It’s mindbogglingly huge
Two and a half million square miles, to be precise. The world’s largest rainforest can be found across nine Latin American countries. In fact, if it were a country itself, it would be the ninth largest in the world. For some more perspective, The United Kingdom and Ireland could fit into it 17 times over.
Diversity is off the charts
Although these numbers are contentious, best scientific estimates suggest there are at least 40,000 plant species, 3,000 types of fish, 1,300 bird species, 430 mammals, and a staggering 2.5 million different kinds of insects.
Quite a few humans live there too
The great rainforest may conjure up images of exotic and possibly terrifying wildlife, though its human population is actually quite significant as well. Some 21 million people call the Amazon home, including an estimated 50 remote tribes who have not yet made contact with modern civilization.
It’s not really the lungs of the earth
This misconceived moniker comes from the fact the rainforest pumps out a staggering 20% of the world’s oxygen each day, far more than any other ecosystem. While that may be true, its decomposing plant matter also puts out roughly the same amount of CO2, meaning the great rainforest is more or less in equilibrium. The vast majority of the oxygen we breath actually comes from microorganisms throughout the world’s oceans.
It’s disappearing at an alarming rate
Probably even faster than you think. A depressing 1.5 acres of the Amazon vanishes every single second and with it an average of 137 species become extinct each day. Deforestation in the Amazon alone accounts for 30% of global carbon emission, and if things continue the way they are, there won’t be anything left in 40 years. Most of the destruction is to make room for pastures to raise cattle, so it’s probably about time we considered cutting down on red meat.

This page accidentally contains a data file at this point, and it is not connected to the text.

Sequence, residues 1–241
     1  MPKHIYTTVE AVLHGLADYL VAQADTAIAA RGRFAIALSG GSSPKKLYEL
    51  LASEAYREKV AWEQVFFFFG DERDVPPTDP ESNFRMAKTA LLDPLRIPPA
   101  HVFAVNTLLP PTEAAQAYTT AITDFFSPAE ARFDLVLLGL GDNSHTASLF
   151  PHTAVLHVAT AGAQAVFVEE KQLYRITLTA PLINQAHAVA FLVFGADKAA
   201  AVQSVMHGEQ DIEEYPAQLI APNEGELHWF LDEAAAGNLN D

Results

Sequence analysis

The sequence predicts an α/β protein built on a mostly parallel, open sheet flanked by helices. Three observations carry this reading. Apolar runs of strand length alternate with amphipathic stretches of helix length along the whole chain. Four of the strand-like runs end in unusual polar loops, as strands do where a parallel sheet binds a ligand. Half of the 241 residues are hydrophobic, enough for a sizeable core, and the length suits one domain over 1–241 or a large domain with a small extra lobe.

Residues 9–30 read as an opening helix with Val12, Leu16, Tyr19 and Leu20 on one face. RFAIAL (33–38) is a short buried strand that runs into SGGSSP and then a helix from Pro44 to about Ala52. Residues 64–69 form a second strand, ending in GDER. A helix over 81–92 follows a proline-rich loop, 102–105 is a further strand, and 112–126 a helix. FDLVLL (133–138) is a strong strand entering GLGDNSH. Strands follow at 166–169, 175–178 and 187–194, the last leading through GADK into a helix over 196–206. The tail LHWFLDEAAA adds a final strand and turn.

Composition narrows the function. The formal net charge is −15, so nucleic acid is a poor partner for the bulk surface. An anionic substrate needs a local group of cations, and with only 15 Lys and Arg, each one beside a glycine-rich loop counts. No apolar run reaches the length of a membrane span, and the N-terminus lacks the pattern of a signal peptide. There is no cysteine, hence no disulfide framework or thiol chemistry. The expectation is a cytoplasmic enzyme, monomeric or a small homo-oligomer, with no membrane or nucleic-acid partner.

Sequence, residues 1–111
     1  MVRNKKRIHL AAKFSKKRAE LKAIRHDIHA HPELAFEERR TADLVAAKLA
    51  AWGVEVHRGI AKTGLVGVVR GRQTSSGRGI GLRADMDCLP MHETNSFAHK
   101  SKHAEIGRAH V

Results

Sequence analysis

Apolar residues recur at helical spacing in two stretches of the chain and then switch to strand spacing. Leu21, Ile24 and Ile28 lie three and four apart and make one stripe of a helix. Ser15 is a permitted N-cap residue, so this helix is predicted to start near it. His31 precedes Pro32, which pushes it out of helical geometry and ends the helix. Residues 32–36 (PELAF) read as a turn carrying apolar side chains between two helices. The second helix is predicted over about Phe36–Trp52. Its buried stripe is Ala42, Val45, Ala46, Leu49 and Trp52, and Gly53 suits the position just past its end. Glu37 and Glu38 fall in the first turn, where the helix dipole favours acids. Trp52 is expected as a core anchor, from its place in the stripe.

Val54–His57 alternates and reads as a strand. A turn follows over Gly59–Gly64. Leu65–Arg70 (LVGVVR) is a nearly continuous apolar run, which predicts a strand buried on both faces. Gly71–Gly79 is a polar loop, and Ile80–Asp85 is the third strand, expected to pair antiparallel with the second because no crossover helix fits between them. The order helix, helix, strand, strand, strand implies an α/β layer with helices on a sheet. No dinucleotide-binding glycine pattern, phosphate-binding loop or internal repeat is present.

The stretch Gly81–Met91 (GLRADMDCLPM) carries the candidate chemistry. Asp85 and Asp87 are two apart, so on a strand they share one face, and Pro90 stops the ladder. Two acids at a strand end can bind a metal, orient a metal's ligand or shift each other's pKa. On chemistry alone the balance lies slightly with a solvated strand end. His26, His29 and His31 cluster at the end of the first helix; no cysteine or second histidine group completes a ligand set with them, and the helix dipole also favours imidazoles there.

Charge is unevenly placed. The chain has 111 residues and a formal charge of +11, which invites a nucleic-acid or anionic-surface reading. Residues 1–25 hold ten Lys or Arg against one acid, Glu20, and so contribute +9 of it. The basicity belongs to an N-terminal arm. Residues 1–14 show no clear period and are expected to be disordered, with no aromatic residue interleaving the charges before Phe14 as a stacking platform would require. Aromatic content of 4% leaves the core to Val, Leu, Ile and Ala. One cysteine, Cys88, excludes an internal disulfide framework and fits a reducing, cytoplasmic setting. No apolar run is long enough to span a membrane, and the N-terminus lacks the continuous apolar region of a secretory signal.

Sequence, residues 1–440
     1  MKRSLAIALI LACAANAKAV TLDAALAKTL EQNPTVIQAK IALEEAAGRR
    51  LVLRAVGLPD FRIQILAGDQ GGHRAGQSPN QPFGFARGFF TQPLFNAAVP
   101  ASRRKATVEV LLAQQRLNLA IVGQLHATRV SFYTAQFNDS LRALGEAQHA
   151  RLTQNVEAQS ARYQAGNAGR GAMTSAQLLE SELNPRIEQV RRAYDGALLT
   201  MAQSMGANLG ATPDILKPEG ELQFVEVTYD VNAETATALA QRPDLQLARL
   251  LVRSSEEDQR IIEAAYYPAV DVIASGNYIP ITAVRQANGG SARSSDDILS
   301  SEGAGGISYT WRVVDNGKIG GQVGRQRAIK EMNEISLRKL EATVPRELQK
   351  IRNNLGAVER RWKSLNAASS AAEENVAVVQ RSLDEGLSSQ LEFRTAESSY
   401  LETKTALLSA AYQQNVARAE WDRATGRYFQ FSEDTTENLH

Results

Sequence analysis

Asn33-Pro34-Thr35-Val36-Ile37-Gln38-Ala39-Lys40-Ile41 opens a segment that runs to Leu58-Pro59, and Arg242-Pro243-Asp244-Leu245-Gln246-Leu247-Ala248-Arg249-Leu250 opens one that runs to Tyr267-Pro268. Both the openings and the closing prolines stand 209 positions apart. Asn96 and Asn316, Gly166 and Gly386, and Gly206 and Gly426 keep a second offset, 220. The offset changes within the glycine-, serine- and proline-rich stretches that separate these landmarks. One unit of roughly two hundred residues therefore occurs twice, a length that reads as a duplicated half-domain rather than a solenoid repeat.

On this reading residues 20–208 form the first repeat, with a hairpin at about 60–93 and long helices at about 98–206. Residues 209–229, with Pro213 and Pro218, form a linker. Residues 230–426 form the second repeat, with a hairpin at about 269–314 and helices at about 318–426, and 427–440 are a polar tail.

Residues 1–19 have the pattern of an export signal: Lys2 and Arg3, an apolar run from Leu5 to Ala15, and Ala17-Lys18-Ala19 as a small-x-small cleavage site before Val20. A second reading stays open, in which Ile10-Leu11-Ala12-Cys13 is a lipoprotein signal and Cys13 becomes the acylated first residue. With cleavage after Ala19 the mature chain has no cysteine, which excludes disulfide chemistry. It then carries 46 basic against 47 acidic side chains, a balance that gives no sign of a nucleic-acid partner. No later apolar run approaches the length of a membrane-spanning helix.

It’s really dark at the bottom
Throughout large parts of the Amazon, the forest floor is almost completely black as only 1% of sunlight can make it through the thick canopy. In fact, when it rains it takes around 10 minutes for water to seep down to the shrubbery below.
Somebody swam the whole river
A bloke named Martin Strel undertook the marathon effort back in 2007, swimming up to ten hours a day for an impressive 66 days.
It might be the longest river in the world afterall
Trivia buffs will jump at the chance to tell you the Nile is the world’s longest river. However, according to a group of scientist types who carried out a complex study using plenty of whiz-bang technology, the Amazon river actually begins in the Peruvian Andes and extends for 4,225 miles (6,800 kilometers), some 65 miles (105 km) longer than the Nile. Either way, there is no doubt it’s the biggest river by volume, pumping out a staggering 55 million gallons of water into the Atlantic per second.
A lot of our food and medicine comes from there
Over 80% of the world’s food varieties originate from the Amazon rainforest, including coffee, which is reason enough to preserve the damn thing in our book. As for medicine, more than 25% of modern pharmaceuticals contain Amazonian ingredients, yet only 1% of plant species have been tested for medicinal properties. With that in mind, it’s not unreasonable to think the cure for cancer is hiding in there somewhere.
It depends on Africa to survive
The Amazon requires a continuous supply of fresh dust and phosphorous in its top soil to continue to thrive. A recent study using satellite imagery and advanced dust cloud modelling techniques found that particles get picked up in the Sahara desert and blown over the Atlantic before settling in the Amazon. Remarkably, the world’s largest (non-polar) desert is what nourishes the world’s largest and most bio-diverse rainforest.
The river used to run backwards
A 2006 geological study discovered that the oldest river sediments where actually found upstream of their source. After much hypothesizing, scientists came to the conclusion that the Amazon used to run east to west but changed direction once the Andes rose through the continent some 100 million years ago.